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Landmark Affirmative Action Case Revisited

Today marked an interesting day in American legal history, as the Supreme Court announced that it has agreed to hear a challenge to the University of Texas’ affirmative action program. Currently, it is being used as a means to sort through all the in-state applicants who graduated in the top 10 percent of their high school class, but this race-neutral way may come to an end.

After a federal appeals court in 1996 banned affirmative action in Texas’ public universities, the law was overturned in 2003 by Justice Sandra Day O’Connor, approving of “certain types of race-conscious admissions practices” in higher education. It seems the argument of racially equal education will be again under question, as that way of thinking may no longer hold sway at the high court.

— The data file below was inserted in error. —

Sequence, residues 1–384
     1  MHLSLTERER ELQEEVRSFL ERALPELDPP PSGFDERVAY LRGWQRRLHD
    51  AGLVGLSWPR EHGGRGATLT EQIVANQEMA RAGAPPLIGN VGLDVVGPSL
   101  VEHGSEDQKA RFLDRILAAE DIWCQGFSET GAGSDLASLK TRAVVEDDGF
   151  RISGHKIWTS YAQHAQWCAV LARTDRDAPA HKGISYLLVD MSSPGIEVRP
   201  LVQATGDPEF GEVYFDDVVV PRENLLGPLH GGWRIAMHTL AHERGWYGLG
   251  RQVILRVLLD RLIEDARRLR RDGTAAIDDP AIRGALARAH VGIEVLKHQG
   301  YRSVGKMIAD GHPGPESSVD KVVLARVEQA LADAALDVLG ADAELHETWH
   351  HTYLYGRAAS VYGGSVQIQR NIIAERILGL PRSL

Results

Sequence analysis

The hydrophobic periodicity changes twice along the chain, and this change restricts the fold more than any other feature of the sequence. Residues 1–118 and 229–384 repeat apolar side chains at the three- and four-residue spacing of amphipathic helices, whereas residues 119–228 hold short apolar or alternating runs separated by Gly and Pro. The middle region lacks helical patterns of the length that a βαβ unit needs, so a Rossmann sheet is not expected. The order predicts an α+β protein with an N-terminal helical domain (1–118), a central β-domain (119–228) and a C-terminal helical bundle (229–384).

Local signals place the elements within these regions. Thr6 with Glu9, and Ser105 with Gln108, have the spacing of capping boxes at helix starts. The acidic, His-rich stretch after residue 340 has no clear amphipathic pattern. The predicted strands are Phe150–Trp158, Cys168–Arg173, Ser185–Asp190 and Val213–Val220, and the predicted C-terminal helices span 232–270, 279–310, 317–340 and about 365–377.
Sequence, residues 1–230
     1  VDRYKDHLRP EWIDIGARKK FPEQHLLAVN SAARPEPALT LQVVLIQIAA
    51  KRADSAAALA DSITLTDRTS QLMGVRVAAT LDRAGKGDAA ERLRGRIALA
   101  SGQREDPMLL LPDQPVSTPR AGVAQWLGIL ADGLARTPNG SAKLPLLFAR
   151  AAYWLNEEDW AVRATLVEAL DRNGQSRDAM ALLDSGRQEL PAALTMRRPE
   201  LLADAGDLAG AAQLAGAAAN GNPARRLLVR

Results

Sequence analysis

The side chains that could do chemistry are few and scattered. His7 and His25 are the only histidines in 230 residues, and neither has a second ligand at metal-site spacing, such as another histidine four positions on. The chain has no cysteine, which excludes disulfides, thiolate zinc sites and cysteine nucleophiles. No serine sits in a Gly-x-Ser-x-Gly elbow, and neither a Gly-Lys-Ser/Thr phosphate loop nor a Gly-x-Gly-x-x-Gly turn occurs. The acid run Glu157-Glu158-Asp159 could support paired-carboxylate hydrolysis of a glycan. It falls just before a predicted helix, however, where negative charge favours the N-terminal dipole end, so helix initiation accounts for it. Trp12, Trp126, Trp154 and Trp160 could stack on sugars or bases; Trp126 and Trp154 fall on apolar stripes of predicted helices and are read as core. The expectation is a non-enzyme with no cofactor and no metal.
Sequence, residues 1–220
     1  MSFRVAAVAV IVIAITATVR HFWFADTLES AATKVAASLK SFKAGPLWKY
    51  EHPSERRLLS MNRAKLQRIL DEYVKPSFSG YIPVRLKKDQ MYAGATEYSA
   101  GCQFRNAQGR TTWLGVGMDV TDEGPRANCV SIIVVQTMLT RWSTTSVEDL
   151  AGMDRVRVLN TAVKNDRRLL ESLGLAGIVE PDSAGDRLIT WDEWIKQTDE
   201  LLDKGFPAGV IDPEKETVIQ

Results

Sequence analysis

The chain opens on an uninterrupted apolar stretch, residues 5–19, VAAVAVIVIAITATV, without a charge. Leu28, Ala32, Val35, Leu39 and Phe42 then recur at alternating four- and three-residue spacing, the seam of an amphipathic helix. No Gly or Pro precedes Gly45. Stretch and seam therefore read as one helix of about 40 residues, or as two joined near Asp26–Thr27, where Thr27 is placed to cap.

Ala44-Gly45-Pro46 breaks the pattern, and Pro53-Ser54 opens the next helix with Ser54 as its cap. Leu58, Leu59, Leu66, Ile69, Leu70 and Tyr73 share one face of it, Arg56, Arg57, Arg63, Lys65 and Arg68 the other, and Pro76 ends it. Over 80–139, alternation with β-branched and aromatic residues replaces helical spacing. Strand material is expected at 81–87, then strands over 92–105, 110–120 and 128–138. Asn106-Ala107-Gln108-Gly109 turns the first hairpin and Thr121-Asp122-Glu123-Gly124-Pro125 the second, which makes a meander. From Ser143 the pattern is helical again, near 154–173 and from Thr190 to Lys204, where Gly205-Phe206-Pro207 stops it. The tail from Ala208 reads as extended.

Conservative Justice Samuel Alito, who has since replaced O’Connor, struck down affirmative action programs in public high schools in 2007 alongside Justices John Roberts, Antonin Scalia, and Clarence Thomas.

With Fisher v. University of Texas potentially able to be argued (but not decided) in the fall, does this mean the best way to stop race discrimination is to stop discriminating on the basis of race? Or will this racially charged issue be another talking point as we dive deeper into the election season?

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